mainly included a woman's height, weight and skin colour.
Indian matrimonial sites are an important factor when it comes to arranged marriages.
More than 50% of the world’s marriages are arranged, with many of them taking place in India and other South Asian countries.
But despite the 21st century, skin colour still plays a part.
The obsession with fair skin is still notorious within South Asian communities.
There is the notion that fair skin makes a bride more attractive. Meanwhile, the bride’s personality and life experiences are completely ignored.
Some grooms experience this issue also.
The obsession has also seen skin lightening creams endorsed by Bollywood stars. However, more stars have now come out and said that they are not endorsing them any longer.
It is not just those involved who are obsessed with fair skin, some Indian matrimonial still have the description of skin colour.
In one case, an unemployed man from Bihar put up a matrimonial advert, listing his specifications for his desired bride.
In the advert, he wanted his bride to be “very fair, beautiful, very loyal, very trustworthy, loving, caring, brave, powerful, rich”.
He also wanted his wife to be “an excellent cook”.
The advert went viral and some people said they did not like the fact that such adverts exist and are mainly targeted towards women.
Darker-skin women tend to find it more difficult when it comes to arranged marriages.
But it is not female related.
A survey by matrimonial site jeevansathi.com found that 71% of women preferred fair skin men.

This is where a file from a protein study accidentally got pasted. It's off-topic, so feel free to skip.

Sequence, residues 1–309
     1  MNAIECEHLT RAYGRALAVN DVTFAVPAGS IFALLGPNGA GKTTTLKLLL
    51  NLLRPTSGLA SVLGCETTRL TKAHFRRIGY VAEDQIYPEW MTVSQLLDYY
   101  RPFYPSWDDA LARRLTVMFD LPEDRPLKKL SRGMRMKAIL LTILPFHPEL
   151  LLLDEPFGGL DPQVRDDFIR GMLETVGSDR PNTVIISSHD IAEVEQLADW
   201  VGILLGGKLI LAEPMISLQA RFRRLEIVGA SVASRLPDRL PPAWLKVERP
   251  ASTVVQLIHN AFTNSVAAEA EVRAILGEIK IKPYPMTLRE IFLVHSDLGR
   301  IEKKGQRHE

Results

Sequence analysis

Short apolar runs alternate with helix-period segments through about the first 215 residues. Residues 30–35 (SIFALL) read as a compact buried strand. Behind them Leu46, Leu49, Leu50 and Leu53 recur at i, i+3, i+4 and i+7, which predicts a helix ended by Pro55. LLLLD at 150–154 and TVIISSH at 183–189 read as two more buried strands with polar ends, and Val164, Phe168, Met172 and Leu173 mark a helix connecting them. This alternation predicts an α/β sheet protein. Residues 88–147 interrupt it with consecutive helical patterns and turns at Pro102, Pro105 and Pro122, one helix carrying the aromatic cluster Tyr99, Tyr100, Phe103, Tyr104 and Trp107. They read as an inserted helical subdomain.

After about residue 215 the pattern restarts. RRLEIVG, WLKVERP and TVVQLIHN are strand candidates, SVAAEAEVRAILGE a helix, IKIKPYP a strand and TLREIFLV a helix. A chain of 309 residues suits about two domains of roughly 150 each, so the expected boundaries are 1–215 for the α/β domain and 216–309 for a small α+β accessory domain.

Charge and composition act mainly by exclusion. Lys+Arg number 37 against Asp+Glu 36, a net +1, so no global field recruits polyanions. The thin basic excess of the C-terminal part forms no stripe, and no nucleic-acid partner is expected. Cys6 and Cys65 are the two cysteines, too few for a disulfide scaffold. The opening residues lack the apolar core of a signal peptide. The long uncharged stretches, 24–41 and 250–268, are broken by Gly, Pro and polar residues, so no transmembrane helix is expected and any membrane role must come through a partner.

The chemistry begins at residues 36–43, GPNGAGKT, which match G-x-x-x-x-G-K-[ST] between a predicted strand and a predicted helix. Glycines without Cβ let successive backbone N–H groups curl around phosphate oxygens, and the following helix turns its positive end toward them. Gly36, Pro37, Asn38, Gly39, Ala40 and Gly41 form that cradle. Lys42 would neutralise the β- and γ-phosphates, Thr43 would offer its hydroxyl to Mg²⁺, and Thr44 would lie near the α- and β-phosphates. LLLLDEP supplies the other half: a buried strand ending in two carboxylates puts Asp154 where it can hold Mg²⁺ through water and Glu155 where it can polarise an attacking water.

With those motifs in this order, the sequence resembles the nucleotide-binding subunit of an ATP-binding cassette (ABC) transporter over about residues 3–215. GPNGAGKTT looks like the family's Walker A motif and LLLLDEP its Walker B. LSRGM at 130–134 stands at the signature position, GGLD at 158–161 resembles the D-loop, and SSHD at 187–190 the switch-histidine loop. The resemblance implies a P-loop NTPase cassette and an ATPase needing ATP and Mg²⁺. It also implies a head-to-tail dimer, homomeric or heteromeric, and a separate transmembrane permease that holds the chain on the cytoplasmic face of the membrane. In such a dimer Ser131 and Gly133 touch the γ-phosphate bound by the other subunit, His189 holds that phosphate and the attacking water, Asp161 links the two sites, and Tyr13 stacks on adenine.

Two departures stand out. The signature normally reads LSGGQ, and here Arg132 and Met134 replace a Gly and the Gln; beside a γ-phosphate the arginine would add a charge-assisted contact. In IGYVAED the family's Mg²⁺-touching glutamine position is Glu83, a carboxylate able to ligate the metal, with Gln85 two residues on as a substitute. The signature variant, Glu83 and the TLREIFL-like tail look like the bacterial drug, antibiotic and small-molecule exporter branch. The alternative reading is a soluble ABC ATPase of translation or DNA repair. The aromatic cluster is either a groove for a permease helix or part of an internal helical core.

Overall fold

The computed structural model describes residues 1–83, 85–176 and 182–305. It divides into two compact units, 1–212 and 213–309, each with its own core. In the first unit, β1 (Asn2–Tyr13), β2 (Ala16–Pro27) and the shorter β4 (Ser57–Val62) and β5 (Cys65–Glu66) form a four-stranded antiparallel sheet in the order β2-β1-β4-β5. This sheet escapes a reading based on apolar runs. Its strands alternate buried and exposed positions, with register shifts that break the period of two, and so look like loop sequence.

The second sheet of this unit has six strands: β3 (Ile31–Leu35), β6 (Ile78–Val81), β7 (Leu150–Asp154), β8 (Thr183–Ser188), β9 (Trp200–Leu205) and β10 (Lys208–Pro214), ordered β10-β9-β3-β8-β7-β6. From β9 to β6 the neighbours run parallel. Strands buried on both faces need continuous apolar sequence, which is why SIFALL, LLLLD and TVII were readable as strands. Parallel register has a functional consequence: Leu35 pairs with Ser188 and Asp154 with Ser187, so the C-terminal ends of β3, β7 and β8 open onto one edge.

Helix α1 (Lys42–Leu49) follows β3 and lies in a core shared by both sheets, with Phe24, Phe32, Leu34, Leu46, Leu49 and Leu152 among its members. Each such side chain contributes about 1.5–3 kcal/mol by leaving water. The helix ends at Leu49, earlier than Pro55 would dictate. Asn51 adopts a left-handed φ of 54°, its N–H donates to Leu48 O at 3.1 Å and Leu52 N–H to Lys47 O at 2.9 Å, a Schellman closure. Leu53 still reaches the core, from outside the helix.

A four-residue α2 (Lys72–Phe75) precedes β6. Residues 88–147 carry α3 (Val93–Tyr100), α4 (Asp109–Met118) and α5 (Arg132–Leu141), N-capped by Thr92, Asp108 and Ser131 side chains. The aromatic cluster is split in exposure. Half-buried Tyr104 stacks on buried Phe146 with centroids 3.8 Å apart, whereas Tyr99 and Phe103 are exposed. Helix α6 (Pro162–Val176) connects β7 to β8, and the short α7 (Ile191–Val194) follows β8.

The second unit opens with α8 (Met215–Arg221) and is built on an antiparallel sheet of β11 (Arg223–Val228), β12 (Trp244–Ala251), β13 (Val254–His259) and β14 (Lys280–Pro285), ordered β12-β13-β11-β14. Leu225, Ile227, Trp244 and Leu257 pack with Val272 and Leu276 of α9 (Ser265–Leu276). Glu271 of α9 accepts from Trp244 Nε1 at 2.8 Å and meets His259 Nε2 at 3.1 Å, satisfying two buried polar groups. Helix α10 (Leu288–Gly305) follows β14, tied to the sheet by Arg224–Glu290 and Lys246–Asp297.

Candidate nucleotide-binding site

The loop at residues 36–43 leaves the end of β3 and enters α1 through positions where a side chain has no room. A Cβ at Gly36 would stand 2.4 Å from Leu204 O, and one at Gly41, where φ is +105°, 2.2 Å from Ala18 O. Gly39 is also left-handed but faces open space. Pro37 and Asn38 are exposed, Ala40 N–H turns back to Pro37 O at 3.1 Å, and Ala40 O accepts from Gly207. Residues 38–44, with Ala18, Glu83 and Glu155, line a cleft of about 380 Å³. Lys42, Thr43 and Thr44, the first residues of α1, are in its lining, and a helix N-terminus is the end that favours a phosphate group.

It was also found that 65-70% of male users mentioned their skin colour as ‘fair’.
A study by ET Brand Equity found that 25% of Indian matrimonial adverts focused on a specific physical appearance.
This mainly included a woman’s height, weight and skin colour.
India’s Beauty Test report stated that 68% of women wanted matrimonial sites to ban the words ‘slim’, ‘tall’ and ‘fair’.
After all, marriage should be about two people’s commitment to one another and not on body type, skin colour and height.
A rejection on the basis of one’s appearance not only affects morale but also self-confidence.
In a bid to shift away from regressive beliefs, Dove has launched a campaign called #StopTheBeautyTest.
It believes that the matchmaking process should be free of beauty biases, collaborating with Times Matrimonial.
It aims to widen the beauty perspective of those looking for slim, tall and fair brides.
Dove will help readers rewrite their ads to make them beauty inclusive.
Readers will need to send their matrimonial ads to email@example.com and Dove will edit their ads in a beauty-bias free manner.
It will then be published in a special highlighted column in the matrimonial section for free.
The intention is to end the stereotypical beauty standards set by society and encourage everyone to relabel what society calls flaws
The aim of #StopTheBeautyTest is to end the stereotypical beauty standards set by society and encourage everyone to relabel what society calls flaws as what Dove terms as beauty.
With Shaadi.com getting rid of its skin tone filter in 2020, only time will tell if Indian matrimonial sites move away from the notion that fair is beautiful.